Among Woody Allen’s 1980s flicks, 1986’s Hannah and Her Sisters may enjoy the strongest reputation. Of the 10 movies he produced during that decade, Hannah definitely earned the most critical acclaim, and it also scored seven Oscar nominations, including nods for Best Picture and Best Director. (It took home three: Best Supporting Actor for Michael Caine, Best Supporting Actress for Dianne Wiest, and Best Writing for Allen himself.)
Allen’s dramas generally seem bland and uncompelling to me. Exceptions such as Crimes and Misdemeanors exist, and Hannah was definitely better than siblings such as September and Interiors, but I felt it remained somewhat thin and lackluster nonetheless.
Hannah and Her Sisters follows the stories of Hannah (Mia Farrow) and her sisters. (Duh!) Lee (Barbara Hershey) lives with a self-isolated artist named Frederick (Max Von Sydow), an older man who became her mentor and teacher years earlier. Holly (Dianne Wiest) is on her own; a recovering substance abuser, she remains on the hunt for a man. Hannah’s married to Elliott (Michael Caine), and she appears to be the stable force that anchors the extended family, which also includes bickering parents Evan (Lloyd Nolan) and Norma (Maureen O’Sullivan) and Hannah’s neurotic ex-husband Mickey (Allen).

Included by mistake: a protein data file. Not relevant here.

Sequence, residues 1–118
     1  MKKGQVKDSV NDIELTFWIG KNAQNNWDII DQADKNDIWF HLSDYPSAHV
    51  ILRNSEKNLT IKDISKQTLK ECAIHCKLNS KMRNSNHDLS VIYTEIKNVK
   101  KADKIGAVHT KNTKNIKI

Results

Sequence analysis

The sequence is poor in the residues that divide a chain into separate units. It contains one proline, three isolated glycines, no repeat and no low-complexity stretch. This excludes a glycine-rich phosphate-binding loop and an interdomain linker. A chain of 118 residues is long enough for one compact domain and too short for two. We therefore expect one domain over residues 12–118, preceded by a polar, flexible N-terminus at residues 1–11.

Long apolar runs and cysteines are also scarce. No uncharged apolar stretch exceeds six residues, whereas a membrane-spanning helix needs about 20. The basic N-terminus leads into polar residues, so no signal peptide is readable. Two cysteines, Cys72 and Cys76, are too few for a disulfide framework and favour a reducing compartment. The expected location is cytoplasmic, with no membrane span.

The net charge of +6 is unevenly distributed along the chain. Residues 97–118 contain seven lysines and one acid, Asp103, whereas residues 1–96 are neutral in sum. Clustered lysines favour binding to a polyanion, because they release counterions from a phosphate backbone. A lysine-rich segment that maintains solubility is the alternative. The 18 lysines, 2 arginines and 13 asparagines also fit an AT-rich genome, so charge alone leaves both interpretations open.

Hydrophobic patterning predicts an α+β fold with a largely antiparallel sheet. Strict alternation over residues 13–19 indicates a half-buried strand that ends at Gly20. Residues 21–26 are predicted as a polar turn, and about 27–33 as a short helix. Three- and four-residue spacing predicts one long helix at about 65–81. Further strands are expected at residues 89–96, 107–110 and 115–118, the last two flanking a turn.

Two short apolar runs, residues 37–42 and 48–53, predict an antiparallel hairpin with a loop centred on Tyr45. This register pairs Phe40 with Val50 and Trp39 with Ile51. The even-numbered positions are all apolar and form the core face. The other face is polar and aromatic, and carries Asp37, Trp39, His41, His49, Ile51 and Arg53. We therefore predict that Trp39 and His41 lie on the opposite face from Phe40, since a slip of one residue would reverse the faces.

Thanksgiving celebrations frame the film; in between we discover a variety of subplots. Elliott’s secretly in love with Lee, and he endlessly debates what to do about this feeling. Eventually he takes action and an affair ensues. Holly searches for love and a sense of purpose in life; her acting career lacks positive movement, and a catering company runs into trouble when she has a rift with partner April (Carrie Fisher) over a guy (Sam Waterston). Ultimately Holly gives writing a try and also reencounters Mickey, who she very briefly dated years earlier.